Archaeologists uncovered a large Byzantine Age compound west of Jerusalem, with a rarely preserved oil press, a wine press and a mosaic, the Israel Antiquities Authority announced Thursday.
“This was very likely a monastery,” excavation director Irene Zilberbod said in a statement.
A spokesperson with the Antiquities Authority said the first clues of the compound were stumbled upon in recent weeks, during construction work on a new residential neighbourhood in the town of Bet Shemesh, some 35 km west of Jerusalem, Xinhua reported.
Excavations later revealed a massive compound surrounded by an outer wall and divided on the inside into industrial and residential areas.
In the industrial area, the archaeologists found an unusually large press that was uniquely preserved and was used to produce olive oil, and a large wine press. The wine press consisted of two treading floors from which the grape could flow to a collecting vat.
“The finds indicate the local residents were engaged in wine and olive oil production for their livelihood,” Zilberbod said.
She added that the impressive size of the agricultural installations shows that these facilities were used for production on an industrial-scale rather than just for domestic use.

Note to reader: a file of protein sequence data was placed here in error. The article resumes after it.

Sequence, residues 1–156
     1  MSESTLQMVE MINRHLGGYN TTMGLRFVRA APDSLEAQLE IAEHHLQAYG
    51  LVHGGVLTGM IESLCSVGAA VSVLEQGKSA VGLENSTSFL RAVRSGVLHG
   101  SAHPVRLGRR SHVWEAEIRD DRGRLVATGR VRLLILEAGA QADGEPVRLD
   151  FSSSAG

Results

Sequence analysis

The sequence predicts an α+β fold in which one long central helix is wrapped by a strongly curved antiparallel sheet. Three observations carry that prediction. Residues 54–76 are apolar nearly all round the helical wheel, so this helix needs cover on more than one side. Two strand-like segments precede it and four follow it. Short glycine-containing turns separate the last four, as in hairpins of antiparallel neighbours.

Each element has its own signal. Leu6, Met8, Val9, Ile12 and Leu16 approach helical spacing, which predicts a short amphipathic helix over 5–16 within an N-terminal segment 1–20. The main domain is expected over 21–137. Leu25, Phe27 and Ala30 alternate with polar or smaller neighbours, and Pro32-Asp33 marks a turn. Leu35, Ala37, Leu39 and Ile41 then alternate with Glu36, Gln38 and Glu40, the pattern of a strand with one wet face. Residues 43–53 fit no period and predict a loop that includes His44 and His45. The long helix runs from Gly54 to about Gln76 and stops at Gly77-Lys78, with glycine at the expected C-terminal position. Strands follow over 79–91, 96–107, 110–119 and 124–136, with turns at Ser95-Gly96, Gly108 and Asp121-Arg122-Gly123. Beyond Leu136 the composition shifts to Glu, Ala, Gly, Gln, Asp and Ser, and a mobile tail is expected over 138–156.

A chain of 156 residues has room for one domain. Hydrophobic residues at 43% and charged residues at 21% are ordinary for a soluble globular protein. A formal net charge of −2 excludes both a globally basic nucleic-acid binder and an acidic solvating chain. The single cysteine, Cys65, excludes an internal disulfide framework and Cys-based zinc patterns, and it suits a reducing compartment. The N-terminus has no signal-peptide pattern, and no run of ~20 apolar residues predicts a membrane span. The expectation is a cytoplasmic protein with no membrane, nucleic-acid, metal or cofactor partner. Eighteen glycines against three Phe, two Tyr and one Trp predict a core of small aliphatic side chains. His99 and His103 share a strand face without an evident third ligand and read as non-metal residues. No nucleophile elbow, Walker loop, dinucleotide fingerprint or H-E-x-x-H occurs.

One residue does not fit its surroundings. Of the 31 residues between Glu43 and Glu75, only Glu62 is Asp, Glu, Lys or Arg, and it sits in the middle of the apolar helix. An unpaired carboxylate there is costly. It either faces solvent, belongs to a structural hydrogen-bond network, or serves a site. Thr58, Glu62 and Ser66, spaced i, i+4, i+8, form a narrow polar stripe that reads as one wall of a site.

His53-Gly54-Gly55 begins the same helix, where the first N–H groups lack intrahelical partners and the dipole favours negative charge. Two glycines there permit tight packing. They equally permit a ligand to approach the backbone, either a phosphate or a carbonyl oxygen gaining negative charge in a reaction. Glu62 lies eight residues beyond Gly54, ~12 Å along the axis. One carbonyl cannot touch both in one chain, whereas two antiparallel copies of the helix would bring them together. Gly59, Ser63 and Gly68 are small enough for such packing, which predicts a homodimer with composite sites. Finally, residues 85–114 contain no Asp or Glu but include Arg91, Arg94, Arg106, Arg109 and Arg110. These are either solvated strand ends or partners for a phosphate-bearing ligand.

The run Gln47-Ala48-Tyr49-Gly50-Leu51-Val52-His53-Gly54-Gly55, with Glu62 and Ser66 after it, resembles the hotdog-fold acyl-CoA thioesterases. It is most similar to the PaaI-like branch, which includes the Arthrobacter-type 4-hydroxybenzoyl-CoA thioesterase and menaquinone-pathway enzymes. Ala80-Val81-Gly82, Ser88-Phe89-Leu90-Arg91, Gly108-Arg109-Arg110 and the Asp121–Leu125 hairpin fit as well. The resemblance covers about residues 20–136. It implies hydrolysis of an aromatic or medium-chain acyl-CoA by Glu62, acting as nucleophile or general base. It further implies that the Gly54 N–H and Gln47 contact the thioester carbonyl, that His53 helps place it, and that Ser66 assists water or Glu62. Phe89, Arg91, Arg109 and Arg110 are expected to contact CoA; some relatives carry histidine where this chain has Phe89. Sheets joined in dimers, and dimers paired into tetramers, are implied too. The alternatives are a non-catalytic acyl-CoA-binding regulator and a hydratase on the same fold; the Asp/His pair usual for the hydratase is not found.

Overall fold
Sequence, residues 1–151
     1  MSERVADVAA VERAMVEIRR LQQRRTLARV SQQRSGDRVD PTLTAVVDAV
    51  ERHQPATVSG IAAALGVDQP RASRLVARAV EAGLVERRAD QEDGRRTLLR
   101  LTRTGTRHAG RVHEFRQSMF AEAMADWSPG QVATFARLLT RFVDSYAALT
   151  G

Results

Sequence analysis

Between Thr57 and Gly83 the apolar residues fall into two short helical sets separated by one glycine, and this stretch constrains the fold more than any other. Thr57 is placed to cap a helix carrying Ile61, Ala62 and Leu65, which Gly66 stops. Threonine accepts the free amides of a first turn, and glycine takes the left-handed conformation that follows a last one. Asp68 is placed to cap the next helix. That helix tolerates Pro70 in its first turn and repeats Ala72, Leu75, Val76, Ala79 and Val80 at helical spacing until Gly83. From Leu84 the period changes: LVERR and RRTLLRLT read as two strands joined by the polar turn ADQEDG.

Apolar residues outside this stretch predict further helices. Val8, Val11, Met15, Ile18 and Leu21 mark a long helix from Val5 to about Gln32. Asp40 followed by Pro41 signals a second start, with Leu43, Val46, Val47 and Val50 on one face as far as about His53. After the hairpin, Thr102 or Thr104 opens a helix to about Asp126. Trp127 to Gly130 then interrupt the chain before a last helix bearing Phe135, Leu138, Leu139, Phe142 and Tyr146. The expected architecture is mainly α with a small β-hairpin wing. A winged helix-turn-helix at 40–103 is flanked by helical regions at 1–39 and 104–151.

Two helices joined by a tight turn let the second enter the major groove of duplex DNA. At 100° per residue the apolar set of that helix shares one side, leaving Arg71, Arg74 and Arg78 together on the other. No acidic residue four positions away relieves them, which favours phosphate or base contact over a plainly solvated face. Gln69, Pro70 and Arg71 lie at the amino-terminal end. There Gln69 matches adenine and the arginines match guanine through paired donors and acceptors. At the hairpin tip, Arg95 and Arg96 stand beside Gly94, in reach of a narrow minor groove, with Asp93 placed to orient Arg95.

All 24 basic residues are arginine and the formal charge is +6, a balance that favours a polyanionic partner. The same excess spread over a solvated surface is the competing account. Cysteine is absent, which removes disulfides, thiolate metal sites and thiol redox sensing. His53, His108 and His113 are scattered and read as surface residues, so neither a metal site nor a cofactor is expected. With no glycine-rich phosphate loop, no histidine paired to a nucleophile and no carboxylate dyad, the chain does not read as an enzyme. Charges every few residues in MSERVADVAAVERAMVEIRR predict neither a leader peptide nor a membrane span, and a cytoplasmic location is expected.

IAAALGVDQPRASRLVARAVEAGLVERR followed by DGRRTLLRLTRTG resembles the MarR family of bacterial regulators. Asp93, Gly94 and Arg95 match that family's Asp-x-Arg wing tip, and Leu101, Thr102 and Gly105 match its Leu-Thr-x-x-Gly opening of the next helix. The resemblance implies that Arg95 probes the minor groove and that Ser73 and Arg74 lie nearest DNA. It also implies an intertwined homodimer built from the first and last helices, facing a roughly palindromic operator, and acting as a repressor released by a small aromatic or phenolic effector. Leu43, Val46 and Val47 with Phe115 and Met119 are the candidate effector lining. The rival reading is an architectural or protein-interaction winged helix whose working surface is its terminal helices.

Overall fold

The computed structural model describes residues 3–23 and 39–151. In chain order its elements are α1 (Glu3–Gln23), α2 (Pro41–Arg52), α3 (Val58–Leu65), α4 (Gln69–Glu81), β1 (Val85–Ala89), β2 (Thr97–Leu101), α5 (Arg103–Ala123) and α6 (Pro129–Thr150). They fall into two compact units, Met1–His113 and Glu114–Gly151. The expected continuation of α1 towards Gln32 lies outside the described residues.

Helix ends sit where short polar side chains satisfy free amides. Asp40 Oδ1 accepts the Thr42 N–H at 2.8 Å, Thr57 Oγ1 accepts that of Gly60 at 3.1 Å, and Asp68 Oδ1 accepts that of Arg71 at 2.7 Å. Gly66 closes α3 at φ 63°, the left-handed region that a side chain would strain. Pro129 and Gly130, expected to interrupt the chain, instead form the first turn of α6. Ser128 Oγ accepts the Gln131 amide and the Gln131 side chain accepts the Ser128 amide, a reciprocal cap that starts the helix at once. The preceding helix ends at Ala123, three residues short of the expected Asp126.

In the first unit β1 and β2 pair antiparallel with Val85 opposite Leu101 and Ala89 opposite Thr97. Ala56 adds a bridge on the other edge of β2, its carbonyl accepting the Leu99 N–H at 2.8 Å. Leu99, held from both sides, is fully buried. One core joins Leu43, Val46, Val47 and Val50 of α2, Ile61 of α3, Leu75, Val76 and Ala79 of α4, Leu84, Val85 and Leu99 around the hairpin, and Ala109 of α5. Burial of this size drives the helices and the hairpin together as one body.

Several rooms were exposed in the residential portion of the compound, some of which had a colourful mosaic pavement preserved in them. One of the mosaics was adorned with a cluster of grapes surrounded by flowers set within a geometric frame. Two entire ovens used for baking were also found in the compound.
Zilberbod said that although they found no unequivocal evidence of religious worship — such as a church or an inscription — the compound holds typical features of Byzantine monasteries.
“The impressive construction dating back to the Byzantine period. The magnificent mosaic floors, windows and roof tile artifacts, as well as the agricultural-industrial installations inside the dwelling compound, are all known to us from numerous other contemporary monasteries,” Zilberbod said.
“Thus it is possible to reconstruct a scenario in which monks resided in a monastery that they established, made their living from the agricultural installations and dwelled in the rooms and carried out their religious activities.”
At some point, which the archaeologists dated to the beginning of the Islamic period (7th century A.D.), the compound ceased to function and was subsequently occupied by new residents. They changed the plan of the compound and adapted it for their needs, the archaeologists said.
I found more information athaaretz.com